Knaus charges into the future with Wankel-boosted electric RV
We thought for sure that any news of an electric vehicle with a Wankel range-extender would include "Mazda" in the headline, but the honor goes to an unforeseen player: Knaus Tabbert. The European RV giant revealed its Knaus E.Power Drive research prototype at the 2021 Düsseldorf Caravan Salon this week. The motorhome dumps diesel for an all-electric powertrain supported by a rotary engine-generator that doubles as a campground power source, spinning out a work week's worth of cooking, heating and lighting.
We've been expecting some electrified campers or camper concepts to emerge out of this year's Caravan Salon, but we figured they'd be built into one of the electric vans that have been rolling out in Europe – the Mercedes EQV or Fiat e-Ducato, for instance. Maybe another Ford Transit Custom PHEV for the range-wary crowd, or a real-life Xbus camper van as a wildcard. What we 100 percent did not expect was a motorhome brand to swap out the manufacturer's powertrain with an electric drive and Wankel range-extender. But here we are.
Knaus made its job harder by swapping in its own drive solution, but by doing so it sidestepped drawbacks like limited range and long, mandatory charging breaks. Motorsport engineering specialist HWA AG partnered up to help Knaus navigate the harrowing path of fully overhauling the underlying mechanicals of the base Fiat Ducato.
The duo began their work with Knaus' Van Ti 650 MEG Vansation, a 23-ft (7-m), four-seat Class C motorhome. First on their agenda was yanking up shirt sleeves and diving into the engine bay, replacing the usual diesel unit and six-speed manual transmission with a 241-hp electric motor and reduction gearbox.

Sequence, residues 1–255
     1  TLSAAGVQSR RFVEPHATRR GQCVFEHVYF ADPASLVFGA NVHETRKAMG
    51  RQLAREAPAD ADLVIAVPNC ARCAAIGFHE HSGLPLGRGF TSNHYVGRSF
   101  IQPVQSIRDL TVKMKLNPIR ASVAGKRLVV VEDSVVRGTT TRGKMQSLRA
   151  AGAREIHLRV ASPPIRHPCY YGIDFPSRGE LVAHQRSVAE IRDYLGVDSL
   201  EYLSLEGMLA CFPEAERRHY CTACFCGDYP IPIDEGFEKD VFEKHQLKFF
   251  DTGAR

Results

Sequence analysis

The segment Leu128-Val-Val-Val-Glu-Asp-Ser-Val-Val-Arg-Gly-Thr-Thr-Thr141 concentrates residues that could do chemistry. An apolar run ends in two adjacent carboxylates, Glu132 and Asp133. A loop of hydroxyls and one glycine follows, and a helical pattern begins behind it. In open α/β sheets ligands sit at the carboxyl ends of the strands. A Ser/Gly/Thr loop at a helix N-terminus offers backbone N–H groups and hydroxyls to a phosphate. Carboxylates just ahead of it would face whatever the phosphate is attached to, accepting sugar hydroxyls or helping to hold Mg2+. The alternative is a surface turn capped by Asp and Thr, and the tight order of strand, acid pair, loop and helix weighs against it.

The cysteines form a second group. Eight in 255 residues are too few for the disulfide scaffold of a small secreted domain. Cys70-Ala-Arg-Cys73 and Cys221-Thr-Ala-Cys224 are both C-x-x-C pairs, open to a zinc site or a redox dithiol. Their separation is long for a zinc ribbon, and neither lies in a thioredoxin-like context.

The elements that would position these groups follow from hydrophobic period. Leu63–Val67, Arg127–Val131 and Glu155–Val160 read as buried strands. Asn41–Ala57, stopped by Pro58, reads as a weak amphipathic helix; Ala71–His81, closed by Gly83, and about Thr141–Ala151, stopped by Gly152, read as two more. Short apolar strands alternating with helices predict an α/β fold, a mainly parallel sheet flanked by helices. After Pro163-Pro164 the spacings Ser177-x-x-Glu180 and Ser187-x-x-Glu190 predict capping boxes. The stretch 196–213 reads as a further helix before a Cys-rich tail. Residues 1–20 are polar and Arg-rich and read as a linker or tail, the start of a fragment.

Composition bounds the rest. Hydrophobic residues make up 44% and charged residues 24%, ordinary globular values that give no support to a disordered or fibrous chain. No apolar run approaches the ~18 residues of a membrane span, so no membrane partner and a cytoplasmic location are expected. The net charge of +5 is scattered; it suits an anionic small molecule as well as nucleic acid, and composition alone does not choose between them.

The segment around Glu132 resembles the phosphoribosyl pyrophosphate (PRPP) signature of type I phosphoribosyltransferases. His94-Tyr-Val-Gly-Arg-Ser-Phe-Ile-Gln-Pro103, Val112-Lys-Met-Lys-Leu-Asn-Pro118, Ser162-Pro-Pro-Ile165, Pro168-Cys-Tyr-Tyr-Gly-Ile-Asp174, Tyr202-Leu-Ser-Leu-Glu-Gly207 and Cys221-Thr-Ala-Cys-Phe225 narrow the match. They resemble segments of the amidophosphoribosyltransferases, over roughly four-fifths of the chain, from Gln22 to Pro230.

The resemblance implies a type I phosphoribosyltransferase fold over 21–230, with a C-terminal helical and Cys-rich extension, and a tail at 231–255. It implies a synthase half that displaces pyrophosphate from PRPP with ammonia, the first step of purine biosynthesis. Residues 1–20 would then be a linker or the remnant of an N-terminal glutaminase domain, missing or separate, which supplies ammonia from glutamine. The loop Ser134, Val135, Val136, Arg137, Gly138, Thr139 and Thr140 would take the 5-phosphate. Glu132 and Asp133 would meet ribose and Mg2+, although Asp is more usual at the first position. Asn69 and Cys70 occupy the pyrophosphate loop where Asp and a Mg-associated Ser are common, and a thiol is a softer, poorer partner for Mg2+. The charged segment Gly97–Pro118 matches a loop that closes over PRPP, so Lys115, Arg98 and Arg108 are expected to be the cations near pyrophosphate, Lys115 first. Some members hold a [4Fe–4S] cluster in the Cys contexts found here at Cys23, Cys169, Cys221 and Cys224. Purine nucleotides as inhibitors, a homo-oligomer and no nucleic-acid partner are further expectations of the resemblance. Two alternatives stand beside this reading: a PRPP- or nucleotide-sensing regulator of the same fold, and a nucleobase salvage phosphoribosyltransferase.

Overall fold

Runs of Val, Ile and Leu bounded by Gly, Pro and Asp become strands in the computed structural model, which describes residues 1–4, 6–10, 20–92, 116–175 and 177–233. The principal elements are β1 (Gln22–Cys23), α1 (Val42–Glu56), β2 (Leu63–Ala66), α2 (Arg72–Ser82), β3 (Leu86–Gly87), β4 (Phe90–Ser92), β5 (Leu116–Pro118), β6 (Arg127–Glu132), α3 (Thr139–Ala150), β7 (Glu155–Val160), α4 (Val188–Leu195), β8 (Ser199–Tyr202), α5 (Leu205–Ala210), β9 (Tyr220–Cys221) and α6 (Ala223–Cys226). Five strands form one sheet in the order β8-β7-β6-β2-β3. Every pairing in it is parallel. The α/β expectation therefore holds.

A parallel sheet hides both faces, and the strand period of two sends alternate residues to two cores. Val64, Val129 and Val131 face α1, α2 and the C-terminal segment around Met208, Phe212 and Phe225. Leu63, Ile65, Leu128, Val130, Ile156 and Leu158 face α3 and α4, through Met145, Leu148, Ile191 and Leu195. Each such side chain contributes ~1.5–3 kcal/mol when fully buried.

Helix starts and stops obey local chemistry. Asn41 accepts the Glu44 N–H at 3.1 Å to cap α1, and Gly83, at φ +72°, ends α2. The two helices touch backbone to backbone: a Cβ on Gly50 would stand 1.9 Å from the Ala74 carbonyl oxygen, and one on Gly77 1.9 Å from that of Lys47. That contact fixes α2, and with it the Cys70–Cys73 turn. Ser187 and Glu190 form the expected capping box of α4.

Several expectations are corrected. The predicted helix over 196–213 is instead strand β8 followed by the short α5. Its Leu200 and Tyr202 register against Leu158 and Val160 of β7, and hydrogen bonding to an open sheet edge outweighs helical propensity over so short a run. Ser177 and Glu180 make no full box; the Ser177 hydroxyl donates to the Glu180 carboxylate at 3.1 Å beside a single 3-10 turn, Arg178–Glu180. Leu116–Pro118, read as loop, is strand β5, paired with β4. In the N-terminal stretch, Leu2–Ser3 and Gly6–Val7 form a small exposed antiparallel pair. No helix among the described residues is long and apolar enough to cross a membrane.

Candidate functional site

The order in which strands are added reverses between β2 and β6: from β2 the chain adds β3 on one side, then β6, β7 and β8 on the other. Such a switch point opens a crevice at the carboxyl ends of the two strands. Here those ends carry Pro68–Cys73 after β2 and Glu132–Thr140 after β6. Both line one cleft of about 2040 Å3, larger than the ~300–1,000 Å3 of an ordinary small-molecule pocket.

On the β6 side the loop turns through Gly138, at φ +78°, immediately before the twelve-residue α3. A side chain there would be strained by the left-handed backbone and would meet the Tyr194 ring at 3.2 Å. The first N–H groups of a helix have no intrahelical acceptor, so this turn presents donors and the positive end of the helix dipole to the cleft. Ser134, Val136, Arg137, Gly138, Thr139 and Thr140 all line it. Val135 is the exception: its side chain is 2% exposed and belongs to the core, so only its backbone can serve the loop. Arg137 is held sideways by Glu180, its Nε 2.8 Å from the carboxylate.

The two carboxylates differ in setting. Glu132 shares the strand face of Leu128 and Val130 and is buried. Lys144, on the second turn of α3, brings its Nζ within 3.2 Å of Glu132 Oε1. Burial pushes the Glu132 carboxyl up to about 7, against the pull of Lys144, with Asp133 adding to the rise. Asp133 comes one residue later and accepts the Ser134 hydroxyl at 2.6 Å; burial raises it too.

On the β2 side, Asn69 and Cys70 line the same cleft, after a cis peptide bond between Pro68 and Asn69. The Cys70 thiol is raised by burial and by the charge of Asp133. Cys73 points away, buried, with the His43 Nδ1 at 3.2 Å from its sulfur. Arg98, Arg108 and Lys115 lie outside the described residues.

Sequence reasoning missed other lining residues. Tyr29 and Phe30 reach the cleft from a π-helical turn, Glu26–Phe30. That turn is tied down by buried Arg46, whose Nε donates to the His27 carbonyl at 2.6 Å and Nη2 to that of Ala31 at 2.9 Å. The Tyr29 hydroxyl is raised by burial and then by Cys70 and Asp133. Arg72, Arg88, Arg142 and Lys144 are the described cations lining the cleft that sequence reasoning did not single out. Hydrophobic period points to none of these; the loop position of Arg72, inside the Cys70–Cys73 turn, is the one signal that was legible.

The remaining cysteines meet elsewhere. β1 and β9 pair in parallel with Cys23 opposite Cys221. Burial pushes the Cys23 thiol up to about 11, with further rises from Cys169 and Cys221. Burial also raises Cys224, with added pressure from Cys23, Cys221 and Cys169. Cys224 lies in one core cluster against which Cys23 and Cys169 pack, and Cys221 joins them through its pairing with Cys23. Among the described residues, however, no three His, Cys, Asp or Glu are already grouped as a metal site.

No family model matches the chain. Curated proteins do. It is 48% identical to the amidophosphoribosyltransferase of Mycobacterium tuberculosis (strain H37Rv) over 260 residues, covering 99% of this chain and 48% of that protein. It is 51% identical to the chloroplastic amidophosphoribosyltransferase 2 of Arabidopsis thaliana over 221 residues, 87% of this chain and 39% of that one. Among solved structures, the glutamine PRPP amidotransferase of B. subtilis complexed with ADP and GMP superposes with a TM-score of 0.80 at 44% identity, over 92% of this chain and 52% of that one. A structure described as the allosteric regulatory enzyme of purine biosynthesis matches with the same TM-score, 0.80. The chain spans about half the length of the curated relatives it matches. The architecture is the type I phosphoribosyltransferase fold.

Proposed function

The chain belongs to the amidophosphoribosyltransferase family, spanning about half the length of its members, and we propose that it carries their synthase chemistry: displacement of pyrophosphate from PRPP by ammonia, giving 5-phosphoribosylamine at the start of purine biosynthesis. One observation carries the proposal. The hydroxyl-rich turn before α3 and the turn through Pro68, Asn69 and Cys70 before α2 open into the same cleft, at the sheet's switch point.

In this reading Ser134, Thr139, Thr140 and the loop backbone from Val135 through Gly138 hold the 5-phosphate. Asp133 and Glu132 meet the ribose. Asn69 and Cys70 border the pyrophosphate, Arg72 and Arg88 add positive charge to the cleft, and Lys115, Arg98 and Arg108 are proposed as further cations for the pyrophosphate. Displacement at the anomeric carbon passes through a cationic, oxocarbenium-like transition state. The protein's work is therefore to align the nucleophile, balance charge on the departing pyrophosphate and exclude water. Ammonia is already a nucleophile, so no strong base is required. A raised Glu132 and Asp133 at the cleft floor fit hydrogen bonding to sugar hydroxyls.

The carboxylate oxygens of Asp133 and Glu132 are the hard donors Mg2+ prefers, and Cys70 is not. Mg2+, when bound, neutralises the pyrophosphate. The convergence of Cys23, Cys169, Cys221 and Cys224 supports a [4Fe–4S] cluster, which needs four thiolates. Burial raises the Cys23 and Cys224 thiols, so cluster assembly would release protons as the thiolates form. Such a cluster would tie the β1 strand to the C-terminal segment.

Around the other side of the A-pillar, Knaus and team removed the now-unnecessary gear shifter and replaced it with a push-button selection system with park, reverse, neutral and drive buttons. It also added one button for vehicle heating and one to switch off regenerative braking in poor road conditions. The backlighting on the buttons serves as a battery life indicator, but we're guessing the average driver would just as soon glance over at the massive 12-in infotainment touchscreen Knaus added as part of the accompanying human-machine interface.
Out on the road, the new e-motor gets that big hunk of Vansation thundering up to a fairly comfortable highway speed of 68 mph (110 km/h), according to Knaus. With only 35 kWh of traction battery mounted down in the chassis, power will cut off after a mere 56 miles (90 km, WLTP) ... not much of a road trip.
That's where Knaus calls in the Wankel reserves. With a flange-mounted generator attached, the rotary engine charges the battery for more robust, vacation-worthy range. The system kicks on automatically once the battery drains to critical level and can power the motor directly as well as charge the battery.
Knaus went with the rotary over a more common piston-driven ICE for the former's combination of efficient operation in optimal rpm range, compact sizing, simpler construction with fewer parts, and smooth, quiet operation. That last advantage comes into play even more when the E.Power is stopped than when it's moving. The Wankel-generator supplies electricity to the motorhome living area via an inverter, creating a more self-sufficient camper less reliant on separate power sources like the leisure battery or LPG tanks. The quiet operation lets campers "keep the lights on" without making much noise at camp.
Knaus estimates that the rotary engine can power cooking, heating and lighting for up to five days, a claim that undoubtedly needs more real-world testing but isn't bad at all for an off-grid camping trip. It's not clear what fuel Knaus is using, but in general, rotary engines have flexible multi-fuel capabilities that would make the E.Power Drive as easy to refuel as a typical diesel or gas ICE motorhome and easier than a pure-electric. As for the 35-kWh battery, it takes an estimated three hours to recharge directly.
Knaus acknowledges that a basic diesel or gas ICE could be used in place of the rotary engine, but ultimately it hopes to substitute in a hydrogen fuel cell to supply power without harmful emissions, an idea with which Mercedes-Benz has also experimented.
The E.Power Drive remains a prototype for now, and it looks to be a promising test bed for cleaner RV drive solutions.
Source: Knaus Tabbert